Also, when living in Somerset, I was witness to an ABC (Alien Big Cat). I remember walking to the newsagents to pick up my copy of Fortean Times when I suddenly had the sense that something was watching me! Looking over towards the local church I saw a rather large feline, with a grey coat, starring straight at me from the graveyard. Judging the scale of this beast from the tombstones, I ascertained that it was about the size of a Great Dane. It was a rather invigorating experience to say the least, as I am sure you can imagine. Remembering that one should never run from a predator, I slowly walked away from this creature until I had put enough distance between us, and quickened my steps. What amuses me no end was that, once I reached the Newsagents, I asked the guy behind the counter if any animals had escaped from Bristol Zoo. He looked at me and replied "I can already guess what you're going to say next. Don't worry yourself about it! It's just the Brean Lion! Everyone round here has seen him."

Apart from those particular incidents, I have also had varying degrees of success with my experiments in Magick. Nothing spectacularly ridiculous, such as lightening bolts from the fingertips, but certainly enough to convince me that the world we live in is far more mysterious than they tell us in school.

Something that anyone who has explored some of the things I have will tell you is that maddening coincidences start to plague your every waking moment! Not a day passes when some synchronicitous event doesn't slap me in the face. A man could go quite mad... and perhaps I have! I shall leave that for the reader to decide. *laughs*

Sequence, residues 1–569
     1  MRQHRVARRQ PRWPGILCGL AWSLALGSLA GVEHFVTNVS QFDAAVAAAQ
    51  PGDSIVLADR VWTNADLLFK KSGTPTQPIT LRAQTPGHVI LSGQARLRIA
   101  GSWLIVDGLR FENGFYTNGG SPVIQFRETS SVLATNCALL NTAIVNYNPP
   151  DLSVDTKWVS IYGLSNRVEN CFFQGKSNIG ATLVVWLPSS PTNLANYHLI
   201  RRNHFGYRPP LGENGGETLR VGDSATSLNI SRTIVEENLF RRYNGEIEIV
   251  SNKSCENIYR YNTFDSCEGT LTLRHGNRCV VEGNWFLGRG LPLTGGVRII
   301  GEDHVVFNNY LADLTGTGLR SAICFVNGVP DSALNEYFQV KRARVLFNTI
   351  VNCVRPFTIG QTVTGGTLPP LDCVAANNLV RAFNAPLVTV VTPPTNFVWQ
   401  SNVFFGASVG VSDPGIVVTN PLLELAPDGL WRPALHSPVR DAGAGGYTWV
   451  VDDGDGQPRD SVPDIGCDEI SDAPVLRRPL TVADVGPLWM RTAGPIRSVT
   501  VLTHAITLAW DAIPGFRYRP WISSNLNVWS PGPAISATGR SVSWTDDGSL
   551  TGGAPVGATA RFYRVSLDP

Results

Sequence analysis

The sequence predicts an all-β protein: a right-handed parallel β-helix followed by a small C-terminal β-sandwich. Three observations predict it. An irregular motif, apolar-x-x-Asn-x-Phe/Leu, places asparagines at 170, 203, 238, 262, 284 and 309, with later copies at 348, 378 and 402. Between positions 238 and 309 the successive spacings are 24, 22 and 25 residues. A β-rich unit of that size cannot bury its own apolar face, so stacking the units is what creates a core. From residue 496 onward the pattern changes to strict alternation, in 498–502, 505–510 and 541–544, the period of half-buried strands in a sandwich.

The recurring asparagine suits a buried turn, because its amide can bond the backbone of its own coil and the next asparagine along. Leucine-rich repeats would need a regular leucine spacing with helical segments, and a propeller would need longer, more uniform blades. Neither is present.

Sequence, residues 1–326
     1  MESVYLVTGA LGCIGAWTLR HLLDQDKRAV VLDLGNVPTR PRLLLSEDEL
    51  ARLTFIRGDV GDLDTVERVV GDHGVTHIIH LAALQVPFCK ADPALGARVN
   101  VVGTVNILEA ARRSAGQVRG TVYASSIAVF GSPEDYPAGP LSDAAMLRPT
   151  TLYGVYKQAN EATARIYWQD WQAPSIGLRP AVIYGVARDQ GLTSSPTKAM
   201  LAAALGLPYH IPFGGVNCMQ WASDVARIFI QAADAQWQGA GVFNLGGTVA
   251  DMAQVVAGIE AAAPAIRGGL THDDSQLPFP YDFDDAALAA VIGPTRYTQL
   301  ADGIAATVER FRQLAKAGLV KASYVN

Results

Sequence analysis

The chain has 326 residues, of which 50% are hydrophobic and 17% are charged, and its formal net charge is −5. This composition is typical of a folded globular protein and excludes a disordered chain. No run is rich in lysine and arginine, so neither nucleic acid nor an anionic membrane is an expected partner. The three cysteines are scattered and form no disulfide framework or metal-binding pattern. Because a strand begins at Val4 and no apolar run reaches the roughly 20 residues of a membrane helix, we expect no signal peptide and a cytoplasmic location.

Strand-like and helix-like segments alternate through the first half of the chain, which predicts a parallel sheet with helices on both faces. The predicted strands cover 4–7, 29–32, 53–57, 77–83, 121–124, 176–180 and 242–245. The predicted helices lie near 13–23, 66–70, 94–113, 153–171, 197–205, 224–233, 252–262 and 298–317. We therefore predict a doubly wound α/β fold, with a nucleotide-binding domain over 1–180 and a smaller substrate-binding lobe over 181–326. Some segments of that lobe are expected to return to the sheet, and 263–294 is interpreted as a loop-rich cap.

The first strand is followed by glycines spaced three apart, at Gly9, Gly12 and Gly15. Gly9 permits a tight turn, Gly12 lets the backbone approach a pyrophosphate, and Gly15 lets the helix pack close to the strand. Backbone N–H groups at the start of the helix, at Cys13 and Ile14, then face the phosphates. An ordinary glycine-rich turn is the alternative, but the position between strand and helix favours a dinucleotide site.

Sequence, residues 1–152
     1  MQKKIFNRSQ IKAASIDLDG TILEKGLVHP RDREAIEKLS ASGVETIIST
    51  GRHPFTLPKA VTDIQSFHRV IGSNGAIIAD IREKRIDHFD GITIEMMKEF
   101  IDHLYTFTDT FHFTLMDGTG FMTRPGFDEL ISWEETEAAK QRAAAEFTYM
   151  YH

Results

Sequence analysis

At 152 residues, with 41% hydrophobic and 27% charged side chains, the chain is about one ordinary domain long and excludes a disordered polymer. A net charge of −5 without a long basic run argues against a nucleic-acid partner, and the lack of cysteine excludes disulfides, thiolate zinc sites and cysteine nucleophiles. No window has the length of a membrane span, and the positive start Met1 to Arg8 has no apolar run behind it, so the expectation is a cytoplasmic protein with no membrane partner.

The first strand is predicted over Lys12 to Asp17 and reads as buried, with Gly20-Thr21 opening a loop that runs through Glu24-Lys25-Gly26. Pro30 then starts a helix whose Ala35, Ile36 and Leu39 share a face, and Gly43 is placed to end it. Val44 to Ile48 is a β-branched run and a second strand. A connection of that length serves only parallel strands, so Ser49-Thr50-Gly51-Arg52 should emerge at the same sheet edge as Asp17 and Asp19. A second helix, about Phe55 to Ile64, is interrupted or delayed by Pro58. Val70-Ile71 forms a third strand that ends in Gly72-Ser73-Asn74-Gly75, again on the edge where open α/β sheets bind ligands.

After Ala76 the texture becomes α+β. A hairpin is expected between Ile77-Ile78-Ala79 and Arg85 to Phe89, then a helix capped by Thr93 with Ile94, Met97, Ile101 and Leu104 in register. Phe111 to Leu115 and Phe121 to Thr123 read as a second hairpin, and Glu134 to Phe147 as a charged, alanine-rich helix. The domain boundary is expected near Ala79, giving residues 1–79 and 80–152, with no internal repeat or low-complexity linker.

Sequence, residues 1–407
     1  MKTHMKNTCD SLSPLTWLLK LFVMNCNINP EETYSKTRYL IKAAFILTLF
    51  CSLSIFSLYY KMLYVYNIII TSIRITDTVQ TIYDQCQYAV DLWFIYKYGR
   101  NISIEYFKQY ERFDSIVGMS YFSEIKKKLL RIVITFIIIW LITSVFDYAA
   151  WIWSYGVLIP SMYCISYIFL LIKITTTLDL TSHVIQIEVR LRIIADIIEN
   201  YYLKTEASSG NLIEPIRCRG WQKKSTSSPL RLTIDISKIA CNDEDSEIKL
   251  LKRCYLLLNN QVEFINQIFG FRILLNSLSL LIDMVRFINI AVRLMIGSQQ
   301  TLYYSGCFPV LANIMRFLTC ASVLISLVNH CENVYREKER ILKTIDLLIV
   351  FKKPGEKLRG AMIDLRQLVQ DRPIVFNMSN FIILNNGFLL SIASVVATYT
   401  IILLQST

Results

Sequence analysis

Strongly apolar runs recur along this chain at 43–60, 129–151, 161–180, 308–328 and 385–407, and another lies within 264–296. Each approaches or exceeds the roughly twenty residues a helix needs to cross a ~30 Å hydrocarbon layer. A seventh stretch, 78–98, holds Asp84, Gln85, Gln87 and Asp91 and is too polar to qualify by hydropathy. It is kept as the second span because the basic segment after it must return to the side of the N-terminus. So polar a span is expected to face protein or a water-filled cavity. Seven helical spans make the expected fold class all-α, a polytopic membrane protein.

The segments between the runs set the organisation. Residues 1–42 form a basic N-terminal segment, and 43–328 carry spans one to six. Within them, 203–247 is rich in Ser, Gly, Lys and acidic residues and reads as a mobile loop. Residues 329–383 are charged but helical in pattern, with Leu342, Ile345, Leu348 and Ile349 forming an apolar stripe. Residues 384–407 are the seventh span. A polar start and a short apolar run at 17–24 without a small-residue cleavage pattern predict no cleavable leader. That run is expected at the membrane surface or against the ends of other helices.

BG: Are you inspired by any other media? 

VW: Very much so. As far as paintings and such are considered, I'm afraid my influences sound rather like an inventory of the average student's bedroom wall. All the usual suspects are present such as Dali, Munch, Giger. I am also rather taken by the DaDa Movement. These artists have been a great inspiration to me over the years. I'm also heavily influenced by literature of all kinds. The power of the written word is undeniable and I'm rather inspired by Lovecraft as I tend to identify somewhat with the stream of alienation that runs throughout his work. A friend of mine once told me that I remind him of the sort of character one finds within a Lovecraft short story and, whether it was his intention or not, I take that as a compliment! Another author who has inspired me greatly is Robert A Heinlein, especially Stranger In A Strange Land with it's message of liberation and, of course, what happens to those who offer it. Of course Orwell and Huxley's influence on me is undeniable even if it has become somewhat of a cliche to refer to their works... of course cliches are like stereotypes in that regard. They don't just spring up creatio ex nihilo!



BG: You recently contributed a chapter to the book, 'National-Anarchism: Ideas and Concepts' by Black Front Press. So you're obviously a National-Anarchist? What appeals to you about that ideology?